These are important questions. I'm inclined to think that the processes for field/industry building will not be the same now as they were in the 60s. The immediate analogy that springs to mind is with markets. The very idea of "the free market" - singular, everywhere the same - is problematic because what actually exist are all different kinds of markets - plural, everywhere distinctive if not unique. Market *dynamics* - incentives, strategies, forms of competition - may be similar in different places and at different times, but each market is embedded in an institutional context that shapes market dynamics in fundamental ways - by authorizing some market actors and not others, by structuring the terms of competition, by providing greater or lesser levels of security that thereby affect incentives and strategies. I think something similar goes on with fields and industries. The great irony of free-market fundamentalism that seeks to eliminate practically all government intervention in markets is that you need governments to establish the ground on which markets can emerge in the frist place. Similarly, I think the institutional context is critically important for understanding the ways in which the four recommendations you cite (which sound good to me) play out in practice.
This is an important conversation, please keep it going.
Great questions. And I always appreciate efforts to find common patterns in disparate environments. Therein lies the useful stuff.
It strikes me, even more broadly, that the four strategies/stages you define are also deeply connected to the 'adaptive cycle' found in natural and social systems. Most such systems continually move through a cycle of rapid growth (entrepreneurial risk-taking), and conservation (storing energy, building tighter connections and control). But then comes the release phase (the system is pushed past its capacity to retain those controls), and the reorganization (moving back to risk-taking and resource grabbing).
I wonder if ''fields'' or ''industries'' also experience the ''back loop'' or if they only move forward toward more structure and control. If that were true, they would be DIFFERENT than most other social systems.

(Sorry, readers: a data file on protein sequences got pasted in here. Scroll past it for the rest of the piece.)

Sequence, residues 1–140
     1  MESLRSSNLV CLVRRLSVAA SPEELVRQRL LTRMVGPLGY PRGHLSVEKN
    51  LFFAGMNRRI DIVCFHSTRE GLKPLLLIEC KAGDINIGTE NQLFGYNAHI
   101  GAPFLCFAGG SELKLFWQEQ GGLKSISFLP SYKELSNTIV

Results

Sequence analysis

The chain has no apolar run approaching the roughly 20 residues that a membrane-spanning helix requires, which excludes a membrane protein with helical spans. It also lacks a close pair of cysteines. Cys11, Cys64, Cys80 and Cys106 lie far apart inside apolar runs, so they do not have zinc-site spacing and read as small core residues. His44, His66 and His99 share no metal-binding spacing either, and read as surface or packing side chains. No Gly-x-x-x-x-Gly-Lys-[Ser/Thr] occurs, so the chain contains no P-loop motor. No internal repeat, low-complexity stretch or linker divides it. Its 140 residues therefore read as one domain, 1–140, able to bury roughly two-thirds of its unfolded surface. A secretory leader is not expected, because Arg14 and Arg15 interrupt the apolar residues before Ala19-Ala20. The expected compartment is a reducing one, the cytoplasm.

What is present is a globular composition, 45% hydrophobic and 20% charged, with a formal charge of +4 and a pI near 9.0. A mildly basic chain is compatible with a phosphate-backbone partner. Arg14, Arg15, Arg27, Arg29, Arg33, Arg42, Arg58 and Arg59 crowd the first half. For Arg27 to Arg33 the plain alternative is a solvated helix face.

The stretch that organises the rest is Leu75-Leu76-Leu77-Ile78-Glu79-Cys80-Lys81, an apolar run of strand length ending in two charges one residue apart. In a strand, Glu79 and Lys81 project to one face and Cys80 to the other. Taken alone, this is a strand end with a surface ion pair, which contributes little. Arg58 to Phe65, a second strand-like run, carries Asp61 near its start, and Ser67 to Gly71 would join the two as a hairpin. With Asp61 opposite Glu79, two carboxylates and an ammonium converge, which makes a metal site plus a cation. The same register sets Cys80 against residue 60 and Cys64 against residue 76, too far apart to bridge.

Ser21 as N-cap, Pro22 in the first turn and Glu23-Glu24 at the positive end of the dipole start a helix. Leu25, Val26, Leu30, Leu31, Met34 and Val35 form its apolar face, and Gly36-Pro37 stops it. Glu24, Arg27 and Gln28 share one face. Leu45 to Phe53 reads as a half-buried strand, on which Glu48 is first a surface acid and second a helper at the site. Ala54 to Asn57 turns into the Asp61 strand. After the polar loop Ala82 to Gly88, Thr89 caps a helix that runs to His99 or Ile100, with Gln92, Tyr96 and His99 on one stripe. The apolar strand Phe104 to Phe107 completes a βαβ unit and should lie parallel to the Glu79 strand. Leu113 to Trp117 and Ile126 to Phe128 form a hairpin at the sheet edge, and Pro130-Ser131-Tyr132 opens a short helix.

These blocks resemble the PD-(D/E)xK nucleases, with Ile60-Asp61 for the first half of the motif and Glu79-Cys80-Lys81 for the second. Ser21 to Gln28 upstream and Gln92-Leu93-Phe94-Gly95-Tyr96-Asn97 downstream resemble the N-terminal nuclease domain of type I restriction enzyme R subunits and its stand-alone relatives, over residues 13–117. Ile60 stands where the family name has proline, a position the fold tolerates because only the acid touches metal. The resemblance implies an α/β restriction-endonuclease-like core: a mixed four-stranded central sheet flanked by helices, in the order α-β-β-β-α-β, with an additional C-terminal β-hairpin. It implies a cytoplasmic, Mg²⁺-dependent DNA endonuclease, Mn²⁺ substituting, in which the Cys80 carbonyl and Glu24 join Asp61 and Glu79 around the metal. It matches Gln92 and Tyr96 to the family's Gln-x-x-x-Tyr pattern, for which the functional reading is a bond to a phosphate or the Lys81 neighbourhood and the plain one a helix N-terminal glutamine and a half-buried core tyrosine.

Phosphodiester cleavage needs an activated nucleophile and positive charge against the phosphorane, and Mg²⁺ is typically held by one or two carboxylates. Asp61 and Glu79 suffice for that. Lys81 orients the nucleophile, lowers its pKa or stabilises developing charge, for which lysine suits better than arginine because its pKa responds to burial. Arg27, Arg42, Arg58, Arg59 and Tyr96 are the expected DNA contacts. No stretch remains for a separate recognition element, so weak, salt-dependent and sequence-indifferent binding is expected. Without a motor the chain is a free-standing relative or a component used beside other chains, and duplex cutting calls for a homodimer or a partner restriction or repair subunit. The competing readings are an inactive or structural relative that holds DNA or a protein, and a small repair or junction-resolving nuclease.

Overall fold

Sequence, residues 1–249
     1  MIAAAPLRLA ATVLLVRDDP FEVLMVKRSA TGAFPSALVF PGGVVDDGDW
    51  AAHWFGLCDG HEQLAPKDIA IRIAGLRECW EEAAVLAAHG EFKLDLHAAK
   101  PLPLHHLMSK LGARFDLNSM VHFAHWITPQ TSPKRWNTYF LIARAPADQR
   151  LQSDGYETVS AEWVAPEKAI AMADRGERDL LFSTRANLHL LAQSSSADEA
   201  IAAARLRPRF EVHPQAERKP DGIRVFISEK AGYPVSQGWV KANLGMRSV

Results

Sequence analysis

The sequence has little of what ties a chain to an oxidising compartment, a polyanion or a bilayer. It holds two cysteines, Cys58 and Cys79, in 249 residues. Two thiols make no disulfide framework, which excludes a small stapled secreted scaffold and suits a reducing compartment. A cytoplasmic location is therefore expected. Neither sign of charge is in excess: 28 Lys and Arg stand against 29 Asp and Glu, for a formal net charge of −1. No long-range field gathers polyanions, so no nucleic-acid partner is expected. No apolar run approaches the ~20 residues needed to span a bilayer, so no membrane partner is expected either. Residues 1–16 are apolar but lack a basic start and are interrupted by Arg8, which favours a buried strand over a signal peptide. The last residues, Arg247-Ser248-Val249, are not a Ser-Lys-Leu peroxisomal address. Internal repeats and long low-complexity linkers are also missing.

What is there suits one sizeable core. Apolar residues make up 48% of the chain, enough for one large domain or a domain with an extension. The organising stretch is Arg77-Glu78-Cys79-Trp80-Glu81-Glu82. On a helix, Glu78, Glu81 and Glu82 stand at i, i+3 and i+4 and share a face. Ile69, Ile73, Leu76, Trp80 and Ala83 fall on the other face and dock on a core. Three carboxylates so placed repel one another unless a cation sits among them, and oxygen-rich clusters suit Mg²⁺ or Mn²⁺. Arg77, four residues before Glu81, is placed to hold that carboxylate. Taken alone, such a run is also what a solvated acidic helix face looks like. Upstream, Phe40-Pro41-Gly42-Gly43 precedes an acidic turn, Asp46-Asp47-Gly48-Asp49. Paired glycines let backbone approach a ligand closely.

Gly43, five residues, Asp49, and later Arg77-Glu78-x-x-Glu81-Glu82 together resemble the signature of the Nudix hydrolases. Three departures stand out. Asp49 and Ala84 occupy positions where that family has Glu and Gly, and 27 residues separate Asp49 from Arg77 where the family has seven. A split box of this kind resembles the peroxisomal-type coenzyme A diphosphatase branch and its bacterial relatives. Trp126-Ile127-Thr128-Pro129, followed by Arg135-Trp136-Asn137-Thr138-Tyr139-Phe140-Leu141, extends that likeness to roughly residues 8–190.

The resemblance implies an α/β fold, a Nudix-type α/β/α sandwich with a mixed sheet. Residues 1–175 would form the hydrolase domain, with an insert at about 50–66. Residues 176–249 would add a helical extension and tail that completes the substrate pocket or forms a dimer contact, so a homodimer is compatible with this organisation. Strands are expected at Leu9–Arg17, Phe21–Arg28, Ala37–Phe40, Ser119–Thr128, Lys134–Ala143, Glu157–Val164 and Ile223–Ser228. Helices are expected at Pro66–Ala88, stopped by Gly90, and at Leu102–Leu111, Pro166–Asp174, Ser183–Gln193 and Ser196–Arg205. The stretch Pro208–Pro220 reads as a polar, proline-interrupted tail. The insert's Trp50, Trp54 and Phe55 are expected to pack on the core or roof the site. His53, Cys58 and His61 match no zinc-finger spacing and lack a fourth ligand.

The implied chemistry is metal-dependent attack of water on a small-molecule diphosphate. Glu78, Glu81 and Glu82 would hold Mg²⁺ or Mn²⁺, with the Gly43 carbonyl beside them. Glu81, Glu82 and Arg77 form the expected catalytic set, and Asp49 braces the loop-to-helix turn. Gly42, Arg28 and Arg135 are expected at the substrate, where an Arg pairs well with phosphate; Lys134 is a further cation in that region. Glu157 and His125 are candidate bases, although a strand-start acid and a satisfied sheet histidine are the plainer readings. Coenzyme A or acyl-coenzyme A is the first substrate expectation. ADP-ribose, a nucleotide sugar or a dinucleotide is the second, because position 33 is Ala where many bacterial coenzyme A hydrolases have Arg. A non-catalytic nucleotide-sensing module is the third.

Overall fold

Some of my own thoughts on the subject here:
Thanks again for both leading and continuing the conversation!
Wow - one of the wonderful and funny things about putting ideas out into the world is you can never really tell what is going to resonate with people. Thank you all Chris, Tony, Andrew and Aaron for commenting - and to all of you who have sent emails - .
This is clearly a key interest of many people. I'm in the process of working on a more thoughtful "next post" about this - building off of comments and emails and also sharing some more insights from our work at BRD.
As an historian I can't help but look for lessons from the past. Of course, bringing those insights into the current context is what matters from a practical sense.
On the level of language "field" "industry" etc I can only share the same thinking that I used to frame this in the 2004 book - industries share the characteristics that I drew from Michael Porter's book and that allowed me to use financial services et al as analogs. Fields are ... much less well defined. Some might describe a field as a non-commercial industry...but I'm not sure I find that all that helpful, since competition, vendors, supply chain, etc may or may not apply and may vary significantly (though still exist) depending on the context in which the field is defined (social services, intellectual discipline, academic department, etc). In same way terms like "networks" or "infrastructure" may morph over time and content area, but be different terms that mean same things....
How's that for a mind dump :) Will try to circle back soon. Keep the ideas coming!